7 thoughts on “Accept versus Respect”

  1. My accountant sent me a letter stating that there will be no “in person” consultation meetings this year due to Covid. I took my documents to him., met him outside in the parking lot, had a brief masked conversation through an open window and agreed to meet again outside when he was finished with the tax preparation and ready for me to sign the documents. He has family members with impaired immune systems as do I. I highly respect his decision to have consultations by phone, email, and masked conversations through the car window.

    My son, who has a severely impaired immune system, is vaccinated and boosted, resides in a Skilled Nursing facility where all residents have been vaccinated and boosted. A number of residents have gotten “break through” Covid. The facility now has a special section for their Covid patients.
    My faith guides me to continue to care for myself and others. I am vaccinated and boosted and will continue to wear masks with the goal of protecting myself and others in spite of government lifting of mask requirements.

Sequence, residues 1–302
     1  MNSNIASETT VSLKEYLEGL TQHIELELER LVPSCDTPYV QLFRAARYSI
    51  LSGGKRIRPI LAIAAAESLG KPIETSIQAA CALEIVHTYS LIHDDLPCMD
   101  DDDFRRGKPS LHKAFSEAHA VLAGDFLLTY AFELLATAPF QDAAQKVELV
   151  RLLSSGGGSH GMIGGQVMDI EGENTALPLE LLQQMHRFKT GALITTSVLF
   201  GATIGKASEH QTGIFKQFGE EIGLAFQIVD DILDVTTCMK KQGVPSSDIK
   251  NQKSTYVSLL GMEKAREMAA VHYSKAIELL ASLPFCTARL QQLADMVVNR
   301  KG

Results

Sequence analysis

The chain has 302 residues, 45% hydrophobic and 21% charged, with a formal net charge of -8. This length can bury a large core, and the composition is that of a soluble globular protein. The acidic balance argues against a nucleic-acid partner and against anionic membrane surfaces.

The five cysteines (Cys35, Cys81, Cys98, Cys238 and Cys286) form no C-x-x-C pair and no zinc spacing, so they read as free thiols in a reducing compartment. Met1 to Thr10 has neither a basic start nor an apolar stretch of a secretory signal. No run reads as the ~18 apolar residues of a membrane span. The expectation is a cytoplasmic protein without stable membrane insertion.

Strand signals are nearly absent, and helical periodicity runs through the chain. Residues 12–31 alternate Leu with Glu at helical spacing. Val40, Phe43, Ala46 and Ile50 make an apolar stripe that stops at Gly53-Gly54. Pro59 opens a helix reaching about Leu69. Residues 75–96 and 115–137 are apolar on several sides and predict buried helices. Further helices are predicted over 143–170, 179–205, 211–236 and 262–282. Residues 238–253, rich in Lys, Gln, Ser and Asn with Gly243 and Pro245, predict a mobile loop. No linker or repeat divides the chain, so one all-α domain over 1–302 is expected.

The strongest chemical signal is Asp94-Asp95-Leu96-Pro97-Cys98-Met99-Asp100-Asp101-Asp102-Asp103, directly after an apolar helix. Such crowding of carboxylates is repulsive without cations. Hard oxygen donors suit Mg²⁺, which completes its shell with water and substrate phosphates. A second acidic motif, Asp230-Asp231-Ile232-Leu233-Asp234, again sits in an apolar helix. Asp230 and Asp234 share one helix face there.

2. Okay, so it seems we really have no choice but to accept Joe’s decision to dispense with all COVID protections for himself if he sees fit—that’s a personal choice, although it will likely have a negative impact on his tax practice, not to mention other things (one must accept the consequences of one’s decisions). On the other hand, the U.S. Bureau of Labor Statistics reports that there are at least 148,500 CPAs in the Golden State. many of these practitioners, I am sure, would be more than happy to accept, respect and accommodate the exposure concerns of a pair of ultra-high risk clients such as you and Annie. I bet you can even find one who has many of the otherwise admirable characteristics as Joe and is just as likeable.

    • Thanks, Skip not only for reading my blogs but also for responding. Every time I hear/see your name, I have wonderful memories of the coffee house at Holy Nativity. I can also remember that if it wasn’t for you, that venture would not have been successful. I can still envision the “Coffee House” and you organizing the entertainment. So then I have to play one of the CDs you sent and smile inside and out.
      After this tax season, I am looking for a new tax preparer but I didn’t have time to find one and get ready.
      Annie and I are off to Lake Tahoe early tomorrow morning for a couple of weeks of skiing. It will be good to get away and play in the snow and commune with natured at 8,500 feet.
      It’s my renewal time.

    • Many thanks, Laurie for reading my blog and reacting. I did receive a few “I totally disagree with you.” but it was expected. I had no idea that so many people would rather die and kill others than receive a simple vaccine. Yikes. We think of you and your family every day, hoping all of you are coping. We are coming to Seattle in August (COVID willing) and hope we can see you.
      PeaceLoveJoyHope Bil